Avoiding diesel/petrol confusion
With reference to the Editor’s Blog (Audi A3 woes) it is a common mistake committed by quite a number of drivers who inadvertently put unleaded fuel into a diesel vehicle.
As a member of a busy fleet department, it is something I experience nearly every week with drivers from companies throughout the UK.
I have found that when a vehicle is not started, then it should be a matter of “drop and drain” the fuel tank and replace with the correct fuel. The fuel lines should require cleaning out but you won’t necessarily have to replace the filters as the fuel has not been pulled through the system.
If a vehicle has been started, the filters should be replaced as well as fuel lines being cleaned. This does, however, differ greatly where hybrid vehicles are concerned and can incur far more costs, not to mention, in some circumstances, resulting in lasting damage.
I have in the past advised drivers to purchase a small “diesel fuel only” sticker and place on the actual fuel filler flap. Although this may not totally eradicate the problem, I have found that it can, and in many cases does, reduce this error.
MICHAEL JONES Team leader, Platinum Fleet Management
Time to show respect for other drivers
I have been driving motorbikes and cars for some 40 years and I believe that the real problem on our roads today is lack of respect for our fellow road users.
On my daily commute down the A1 into north London I see drivers joining, leaving and lane changing without signalling.
Safe gaps are quickly filled by drivers in a hurry and no one stops for amber traffic lights.
Drivers hog the middle and outside lanes, scared to move over in case they won’t get out again. Cars creep out of side roads, impatient when not let in immediately. Drivers signal at the last minute and don’t even bother on roundabouts any more.
If we assume drivers are taught properly then at some point they choose to ignore the rules.
Bad driving and disrespect kill, not speed and alcohol.
Senior manager fleet operations, Black Horse Fleet Finance
Online testing has a relevant place
I was interested in the adverse comments raised about online driver assessment (Legal risk over online testing, Fleet News, June 28).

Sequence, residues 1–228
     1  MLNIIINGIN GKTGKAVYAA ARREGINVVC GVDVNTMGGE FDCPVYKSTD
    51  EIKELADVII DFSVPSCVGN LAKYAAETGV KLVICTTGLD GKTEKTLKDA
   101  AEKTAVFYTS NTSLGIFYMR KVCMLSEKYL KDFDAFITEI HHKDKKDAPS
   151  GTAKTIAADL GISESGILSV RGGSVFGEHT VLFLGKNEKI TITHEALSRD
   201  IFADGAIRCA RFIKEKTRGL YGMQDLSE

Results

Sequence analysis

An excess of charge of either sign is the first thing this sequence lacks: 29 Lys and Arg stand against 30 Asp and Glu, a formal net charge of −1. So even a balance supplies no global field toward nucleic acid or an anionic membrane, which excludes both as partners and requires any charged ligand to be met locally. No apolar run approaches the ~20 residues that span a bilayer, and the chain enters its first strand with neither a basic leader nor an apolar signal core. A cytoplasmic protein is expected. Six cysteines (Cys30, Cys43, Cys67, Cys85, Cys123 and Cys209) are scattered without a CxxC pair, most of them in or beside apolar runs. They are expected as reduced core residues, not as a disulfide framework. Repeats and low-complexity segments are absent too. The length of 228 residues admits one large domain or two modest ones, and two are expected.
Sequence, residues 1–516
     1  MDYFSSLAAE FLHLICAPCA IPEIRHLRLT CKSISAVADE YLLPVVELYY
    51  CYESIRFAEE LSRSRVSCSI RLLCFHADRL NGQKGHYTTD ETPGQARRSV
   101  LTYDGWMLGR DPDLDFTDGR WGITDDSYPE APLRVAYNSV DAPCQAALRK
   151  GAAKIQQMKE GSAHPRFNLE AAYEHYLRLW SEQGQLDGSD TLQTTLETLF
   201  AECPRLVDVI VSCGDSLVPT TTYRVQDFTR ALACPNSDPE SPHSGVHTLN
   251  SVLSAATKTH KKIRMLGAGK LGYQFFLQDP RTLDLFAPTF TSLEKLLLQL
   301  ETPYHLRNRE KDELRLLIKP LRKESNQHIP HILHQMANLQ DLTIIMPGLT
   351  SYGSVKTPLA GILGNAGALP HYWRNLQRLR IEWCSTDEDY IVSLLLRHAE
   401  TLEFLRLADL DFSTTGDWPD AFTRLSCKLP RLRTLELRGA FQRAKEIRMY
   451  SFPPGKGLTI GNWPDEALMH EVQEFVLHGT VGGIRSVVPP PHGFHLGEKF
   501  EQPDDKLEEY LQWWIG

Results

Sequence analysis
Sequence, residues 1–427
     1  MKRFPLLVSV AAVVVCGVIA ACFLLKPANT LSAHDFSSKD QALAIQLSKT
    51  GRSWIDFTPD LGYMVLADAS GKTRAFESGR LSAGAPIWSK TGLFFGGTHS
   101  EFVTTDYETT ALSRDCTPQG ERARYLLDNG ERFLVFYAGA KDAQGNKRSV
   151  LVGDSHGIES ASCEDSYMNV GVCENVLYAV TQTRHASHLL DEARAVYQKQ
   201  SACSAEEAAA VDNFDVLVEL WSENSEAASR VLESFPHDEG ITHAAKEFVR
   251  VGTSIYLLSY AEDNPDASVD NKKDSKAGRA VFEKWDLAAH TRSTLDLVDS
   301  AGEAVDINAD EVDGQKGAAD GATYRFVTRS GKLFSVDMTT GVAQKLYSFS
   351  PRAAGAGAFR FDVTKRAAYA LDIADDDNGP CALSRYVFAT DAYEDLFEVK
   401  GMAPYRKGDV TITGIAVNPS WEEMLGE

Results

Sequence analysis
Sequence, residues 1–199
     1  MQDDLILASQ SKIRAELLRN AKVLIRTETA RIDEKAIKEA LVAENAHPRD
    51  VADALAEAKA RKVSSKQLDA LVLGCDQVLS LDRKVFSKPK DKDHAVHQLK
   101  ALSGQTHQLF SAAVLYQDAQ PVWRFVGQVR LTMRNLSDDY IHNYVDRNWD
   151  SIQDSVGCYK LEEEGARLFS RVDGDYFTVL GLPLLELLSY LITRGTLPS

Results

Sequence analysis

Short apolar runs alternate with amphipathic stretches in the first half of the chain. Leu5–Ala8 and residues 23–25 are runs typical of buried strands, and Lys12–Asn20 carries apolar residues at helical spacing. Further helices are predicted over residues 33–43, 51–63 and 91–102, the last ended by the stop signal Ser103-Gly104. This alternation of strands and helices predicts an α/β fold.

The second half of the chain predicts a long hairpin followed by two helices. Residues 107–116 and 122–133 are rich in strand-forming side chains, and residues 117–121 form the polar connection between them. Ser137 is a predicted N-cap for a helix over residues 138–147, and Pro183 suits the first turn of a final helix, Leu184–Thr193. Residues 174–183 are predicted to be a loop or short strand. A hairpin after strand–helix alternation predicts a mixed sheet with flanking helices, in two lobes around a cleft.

I have been involved with driver training as an instructor and training manager for nearly 30 years and, although not a fan of online assessment, I believe it is foolish to dismiss it.
Online assessment is useful but anyone who relies on a single tool is going to get caught out at some stage.
There are drivers in company fleets who can drive legally, and to a high standard, when they want to but choose to drive in a different manner when on their own.
They drive aggressively, break speed limits, jump lights, overtake recklessly and tailgate other drivers and know they are doing it, but either do not care or actively enjoy driving this way.
They are Jekyll and Hyde drivers and in my career I have come across plenty of them.
Someone who can fool an assessor can fool an online system as well – but the vast majority of drivers approach all types of assessment in a sensible and responsible way.
They may be nervous or try to put on a performance because they are doing their best, but they are not trying to fool the system and will learn from the exercise.
As for the Hydes, they can be spotted, as they always have been, by premature wear and tear on the vehicle and tyres, high fuel consumption, unexplained or hit-when-parked damage to bodywork. Any experienced fleet manager develops a feel for them and knows where to look.
If they get a good score on an online assessment, so what? It’s an effective diagnostic tool but if one test does not reveal the problem, then you try another.
Employee audit is essential
Andy Leech of cfc Solutions is correct to question the usefulness of driver assessment tools as any form of defence in law (Legal risk over online testing, Fleet News, June 28).
David Faithful has made their weaknesses abundantly clear. His solution, which encompasses employees’ compliance to company policies, is exactly the right approach and is covering risk management as required in the law.
Your editorial comment was technically and legally misleading – the fact is that employee audit is what people need, which is why David and I have made it free to clients as part of the corporate solution.
Managing director, Essential Risk Consultancy
HMRC’s poisoned chalice
It is interesting to note the emotion evoked by the current AMAP review, and the apparent antipathy toward HMRC for whom I have a great deal of sympathy.
They have been presented with a poisoned chalice by the Treasury and are merely asking us to take a sip from it.
It appears that they have been instructed to come up with a formula that will a) reduce carbon emissions, b) maintain revenue, c) demonstrate some contribution to drivers’ costs and d) attempt to simplify national insurance contribution treatment.
This is precisely what the introduction of AMAPs was intended to do when it replaced the old AMR system in 2002.
Their problem, and the reason they are asking for help, is that they have little information relating to the amounts of AMAPs paid or the cars they relate to.
They have to perform the exercise, so let’s help them and avoid any uninformed results.
Having just analysed two mixed fleets, I can honestly say that the CO2 proposals would not cause me concern.
Whether any change proves to be worthwhile remains to be seen, and there is a good case for leaving AMAP levels alone and perhaps focussing on other elements of fleet management such as fuel policy.
Chief executive, Toomey Optica
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